By Chris Rogers A

s an early advocate and designer of e-learning materials for ski and snowboard schools and PSIA-AASI, I’ve heard a lot of questions, concerns, and dismissal of e-learning as a tool. One common sentiment is that digital learning can never

replace hands-on, feet-on-the-snow experi- ences for learning to ski and snowboard. My response is this statement: Kids born today will not know a reality

that does not include virtual reality. Consider that for a minute, and then

think back to when you were a kid. What technology was pervasive, and what was just emerging? In the late 80s and early 90s, a family

might have had a shared computer. By the late 90s, many people had their own computers and laptops, and the internet began connecting us all. Digital cameras, cell phones, email, and video streaming, just to name a few “new” technologies, all have gone through phases from early to mainstream adoption to near ubiqui- tous access. The field of education has been evolving

for as long as humans have been teaching each other, and in the last few years tech- nology and education have intertwined in ways that fundamentally change how we learn. Students no longer need to memorize multiplication tables or be able to remember

in what century Aristotle lived; they have a device in their pocket that can calculate thousands of digits of Pi and look up any answer in a matter of seconds. This is not to say that gathering knowledge is no longer important, but that the way in which we do so is continuing to change.


E-learning has developed from simply digitally presenting the same information found in print publi- cations to creative combinations of mixed- media – with video, audio, photos, and text all delivering information in a way that can be revisited as needed and with questions that reinforce learning. Our own PSIA-AASI e-learning modules (at ingCourses) are offerings in this genre that allow us to prepare or “prime” instructors for certification, and we’re already seeing results with candidates coming to exams more prepared. Until recently, e-leaning was primarily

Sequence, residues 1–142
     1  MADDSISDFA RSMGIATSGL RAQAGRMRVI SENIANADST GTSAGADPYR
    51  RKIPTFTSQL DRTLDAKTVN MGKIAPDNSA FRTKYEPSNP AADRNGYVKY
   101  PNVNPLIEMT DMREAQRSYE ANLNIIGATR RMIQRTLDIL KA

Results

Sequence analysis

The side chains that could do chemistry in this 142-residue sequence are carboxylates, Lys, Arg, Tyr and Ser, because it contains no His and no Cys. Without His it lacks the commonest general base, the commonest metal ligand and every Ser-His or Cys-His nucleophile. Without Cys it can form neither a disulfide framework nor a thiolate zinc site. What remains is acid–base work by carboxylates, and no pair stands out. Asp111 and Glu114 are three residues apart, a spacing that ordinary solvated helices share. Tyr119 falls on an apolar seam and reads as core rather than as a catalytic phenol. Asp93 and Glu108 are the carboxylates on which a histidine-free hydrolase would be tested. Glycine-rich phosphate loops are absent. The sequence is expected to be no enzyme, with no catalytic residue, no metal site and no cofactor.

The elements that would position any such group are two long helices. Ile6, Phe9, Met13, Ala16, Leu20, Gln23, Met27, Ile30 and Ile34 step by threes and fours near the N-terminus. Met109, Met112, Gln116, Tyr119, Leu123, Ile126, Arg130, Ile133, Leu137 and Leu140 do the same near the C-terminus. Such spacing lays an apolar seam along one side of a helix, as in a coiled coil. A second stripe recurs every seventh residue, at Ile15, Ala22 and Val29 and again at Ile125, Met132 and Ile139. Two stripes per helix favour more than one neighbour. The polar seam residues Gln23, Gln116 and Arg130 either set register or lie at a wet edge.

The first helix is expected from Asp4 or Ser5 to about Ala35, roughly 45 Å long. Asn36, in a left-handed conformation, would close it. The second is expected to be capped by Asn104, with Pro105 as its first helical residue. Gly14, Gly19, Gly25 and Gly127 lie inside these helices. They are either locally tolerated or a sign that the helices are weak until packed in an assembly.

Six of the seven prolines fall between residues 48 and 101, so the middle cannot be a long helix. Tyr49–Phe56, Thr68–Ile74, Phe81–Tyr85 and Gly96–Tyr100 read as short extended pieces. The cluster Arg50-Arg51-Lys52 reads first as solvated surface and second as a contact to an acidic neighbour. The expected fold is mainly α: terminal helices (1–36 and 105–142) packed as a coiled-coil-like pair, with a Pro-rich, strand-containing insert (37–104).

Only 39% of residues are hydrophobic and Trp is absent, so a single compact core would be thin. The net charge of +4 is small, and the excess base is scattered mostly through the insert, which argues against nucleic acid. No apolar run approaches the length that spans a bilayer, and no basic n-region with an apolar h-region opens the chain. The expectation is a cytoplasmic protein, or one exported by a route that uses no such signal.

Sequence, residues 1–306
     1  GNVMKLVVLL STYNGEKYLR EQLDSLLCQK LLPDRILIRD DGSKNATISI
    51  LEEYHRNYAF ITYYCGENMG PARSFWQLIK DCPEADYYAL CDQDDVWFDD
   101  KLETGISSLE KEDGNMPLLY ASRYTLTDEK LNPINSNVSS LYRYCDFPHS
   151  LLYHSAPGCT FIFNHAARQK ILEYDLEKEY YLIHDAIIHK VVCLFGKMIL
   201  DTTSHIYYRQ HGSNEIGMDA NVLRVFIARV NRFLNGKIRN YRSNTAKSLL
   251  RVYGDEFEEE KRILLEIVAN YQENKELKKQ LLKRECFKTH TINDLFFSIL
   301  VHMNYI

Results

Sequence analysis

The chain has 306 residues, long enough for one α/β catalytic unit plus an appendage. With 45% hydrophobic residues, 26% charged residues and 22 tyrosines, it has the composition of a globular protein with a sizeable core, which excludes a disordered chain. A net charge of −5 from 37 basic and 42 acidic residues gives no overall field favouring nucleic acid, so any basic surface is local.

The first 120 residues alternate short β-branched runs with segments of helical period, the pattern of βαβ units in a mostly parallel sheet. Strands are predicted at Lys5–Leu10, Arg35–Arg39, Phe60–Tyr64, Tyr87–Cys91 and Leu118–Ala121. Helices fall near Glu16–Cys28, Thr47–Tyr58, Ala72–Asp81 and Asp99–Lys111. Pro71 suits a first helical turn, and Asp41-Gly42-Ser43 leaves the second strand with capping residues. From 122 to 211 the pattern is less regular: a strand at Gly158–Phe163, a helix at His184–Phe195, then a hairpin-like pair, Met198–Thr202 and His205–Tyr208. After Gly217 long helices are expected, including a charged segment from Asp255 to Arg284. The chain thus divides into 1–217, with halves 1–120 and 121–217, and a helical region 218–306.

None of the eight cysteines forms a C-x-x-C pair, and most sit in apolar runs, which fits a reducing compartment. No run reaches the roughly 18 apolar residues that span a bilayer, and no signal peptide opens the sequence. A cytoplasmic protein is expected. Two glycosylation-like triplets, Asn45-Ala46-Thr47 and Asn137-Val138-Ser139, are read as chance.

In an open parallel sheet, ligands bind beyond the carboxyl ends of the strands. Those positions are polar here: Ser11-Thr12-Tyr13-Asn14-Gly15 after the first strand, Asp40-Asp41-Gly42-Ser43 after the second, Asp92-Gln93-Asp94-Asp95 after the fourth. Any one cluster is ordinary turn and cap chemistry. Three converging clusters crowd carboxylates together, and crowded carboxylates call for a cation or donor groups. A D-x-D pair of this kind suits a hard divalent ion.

used for traditional education, but the above factors have already led to a generation of

kids who have grown up connected to high- quality audio-visual information. People are learning to learn by watching videos on YouTube and then trying what they’re seeing – an extension of the Watcher- Doer learning style. The next generation of e-learning, powered by innovative orga- nizations like Khan Academy, are using the approach to flip classroom environments; having students take the lesson at home as the homework and use the class time as an opportunity for working through problems, with the teacher available to answer questions. With emerging technologies like drones, 360-degree cameras, and virtual reality headsets, we’re on the verge of a whole new learning style that takes things a step beyond Watcher-Doer and separates expe- riencing from doing. Schools are already using virtual reality “expeditions” to take classroom fieldtrips around the world, through space, and even into the human bloodstream (visit expeditions). While these are cutting-edge uses of technology now, in a few years they’ll be commonplace… and in 10 years they’ll be expectations from the generation of kids who will grow up with virtual reality being part of their everyday lives.


What might that look like in 10 years? For our industry, it could mean fully immersive experiences, with our guests visiting resorts virtually before setting foot on snow. Imag- ine sending new students a virtual experi- ence the week before they arrive – you could introduce their equipment, show them your beginner area, and even walk them through the lesson plan. When they arrive for their lesson they’re primed for learning and ready to hit the ground sliding! Similarly, for clinics and exams train-

What might technology have in store for the snowsports industry? 42 | 32 DEGREES • SPRING 2019

ers could send videos of skills and drills prior to a clinic, so that, just like with the flipped classroom, instructors can prepare in advance and the clinic time with the trainer would revolve around practice and adjust- ment rather than introduction to content. A future version of The Matrix (PSIA-AASI’s video library) might include virtual-reality components that enable candidates to expe- rience National Standards video first-hand, railing a carve as Alpine Team member


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